When it comes to technology, China rarely mimics the rest of the world, and the fields of blockchain and cryptocurrency are no different.
As with the internet, China has approached blockchain technologies with both enthusiasm and suspicion, quick to block uses that it sees as contrary to its own goals while heartily backing approaches that it believes are beneficial to the country’s wider aims.
As a result, the country’s approaches to blockchain and cryptocurrencies have traditionally been very contrasting.
“The government is very favourable towards blockchain technology in terms of being to keep an eye and track certain business processes and transactions. What they do not like is any type of free-floating cryptocurrency that they cannot directly control,” Oliver Oram, founder and CEO of Chainvine, tells Verdict. “This is not so dissimilar to any government that likes its central bank or sees a future for central banks.”
However, a number of decisions by the government in July suggest that China’s stance on cryptocurrency is shifting – if only hesitantly.
On 18 July, the Hangzhou Internet Court ruled that Bitcoin could be formally described as virtual property. This move was described at the time by investor Dovey Wan as a “major milestone”, as it suggested that an effective ban on cryptocurrencies put into place in 2017 was coming to an end.
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Meanwhile, on 22 July the China Electronics Technology Standardization Insitute (CESI) issued a certification under its Standard Blockchain System Function Test for decentralised cloud computing network aelf.
While not compulsory, the accreditation confers significant advantages to companies, with only 30 having passed the state’s high barrier of entry. And for aelf this was particularly notable, as it was the first company to pass that uses a cryptocurrency as part of its project – although its ELF tokens were not part of the certification.
But is this the start of a loosening of control over cryptocurrency in China, or does state-directed blockchain remain the country’s focus?
How China is harnessing blockchain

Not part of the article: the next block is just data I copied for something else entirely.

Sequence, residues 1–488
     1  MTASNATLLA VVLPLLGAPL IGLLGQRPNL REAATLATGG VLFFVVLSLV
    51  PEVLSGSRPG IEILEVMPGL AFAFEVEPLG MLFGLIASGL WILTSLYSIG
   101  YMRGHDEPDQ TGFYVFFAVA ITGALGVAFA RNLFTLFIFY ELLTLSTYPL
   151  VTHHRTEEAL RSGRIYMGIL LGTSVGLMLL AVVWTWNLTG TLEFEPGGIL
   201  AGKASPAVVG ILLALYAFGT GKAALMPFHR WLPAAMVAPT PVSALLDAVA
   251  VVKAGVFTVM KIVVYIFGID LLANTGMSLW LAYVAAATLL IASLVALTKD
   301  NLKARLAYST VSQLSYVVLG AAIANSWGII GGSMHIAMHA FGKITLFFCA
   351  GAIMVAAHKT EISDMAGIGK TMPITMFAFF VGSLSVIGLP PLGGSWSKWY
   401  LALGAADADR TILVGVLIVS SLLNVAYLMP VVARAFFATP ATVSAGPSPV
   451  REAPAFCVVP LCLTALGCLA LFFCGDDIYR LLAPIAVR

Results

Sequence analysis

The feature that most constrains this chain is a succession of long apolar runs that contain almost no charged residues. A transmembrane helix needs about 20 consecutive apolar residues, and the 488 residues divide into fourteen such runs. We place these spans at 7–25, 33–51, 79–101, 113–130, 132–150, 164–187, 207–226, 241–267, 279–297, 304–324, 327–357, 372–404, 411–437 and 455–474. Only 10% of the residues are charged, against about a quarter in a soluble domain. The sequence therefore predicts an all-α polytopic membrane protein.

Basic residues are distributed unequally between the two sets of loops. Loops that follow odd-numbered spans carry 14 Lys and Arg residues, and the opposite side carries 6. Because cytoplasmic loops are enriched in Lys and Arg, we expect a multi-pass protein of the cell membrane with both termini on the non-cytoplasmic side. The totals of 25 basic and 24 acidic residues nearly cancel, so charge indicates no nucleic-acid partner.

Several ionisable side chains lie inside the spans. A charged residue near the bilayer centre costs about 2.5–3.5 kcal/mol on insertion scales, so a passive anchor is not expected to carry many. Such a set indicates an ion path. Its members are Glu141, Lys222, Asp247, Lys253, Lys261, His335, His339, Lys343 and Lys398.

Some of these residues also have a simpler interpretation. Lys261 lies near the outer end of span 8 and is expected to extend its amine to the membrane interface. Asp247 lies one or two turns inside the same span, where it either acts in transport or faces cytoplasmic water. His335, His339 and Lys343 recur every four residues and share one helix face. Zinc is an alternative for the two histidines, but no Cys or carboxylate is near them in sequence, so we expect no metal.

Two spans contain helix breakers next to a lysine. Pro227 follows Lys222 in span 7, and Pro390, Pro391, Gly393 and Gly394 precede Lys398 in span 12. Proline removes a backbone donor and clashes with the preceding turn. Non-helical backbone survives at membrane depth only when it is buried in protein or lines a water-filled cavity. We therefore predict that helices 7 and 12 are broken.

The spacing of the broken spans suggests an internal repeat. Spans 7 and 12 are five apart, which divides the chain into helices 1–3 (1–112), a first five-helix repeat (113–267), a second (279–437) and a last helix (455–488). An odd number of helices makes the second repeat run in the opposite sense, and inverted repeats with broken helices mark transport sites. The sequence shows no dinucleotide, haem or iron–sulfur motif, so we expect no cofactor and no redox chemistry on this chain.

When it comes to blockchain, China is arguably a very forward-thinking nation. According to Oram, who went on a trade mission to China in March to showcase his company’s bespoke platforms built on digital ledger technology, blockchain is present in many Chinese companies’ policies, as part of a wider focus on technology.
“Almost every Chinese company I met from Ping-An to The Bank of China has a policy called ABCD,” he says.
This stands for artificial intelligence, blockchain, cloud and big data, and highlights how these technologies are considered vital to future development in the country.
As a result, China has embraced crypto-less blockchain, with diverse applications being explored in the country.
One such company addressing this is Aurora Chain, a Chinese company that has developed a blockchain for use in fields such as gaming, big data and the internet of things. And according to founder Zhao Meijun, the government has taken the lead when encouraging developments in the blockchain space.
“With regard to blockchain technology, the Chinese government has been taken an active and leading role in advancing its development, working with the companies like Tencent and Alibaba in this field and pursuing cooperation with China’s top blockchain projects including us at Aurora Chain in the fields like digital certificates and food tracking systems,” he tells Verdict.
Is China really relaxing on cryptocurrency?
As embraced as blockchain is in the country, cryptocurrency, with its lack of regulation or monitoring, has been treated with far more wariness.
“The Chinese government has historically supported and encouraged blockchain technology development, while taking a cautious attitude towards cryptocurrency and has formulated the policies/regulations necessary to avoid any potential risk,” says Meijun.
However, with some movement on regulations surrounding cryptocurrency, China’s position appears to be shifting.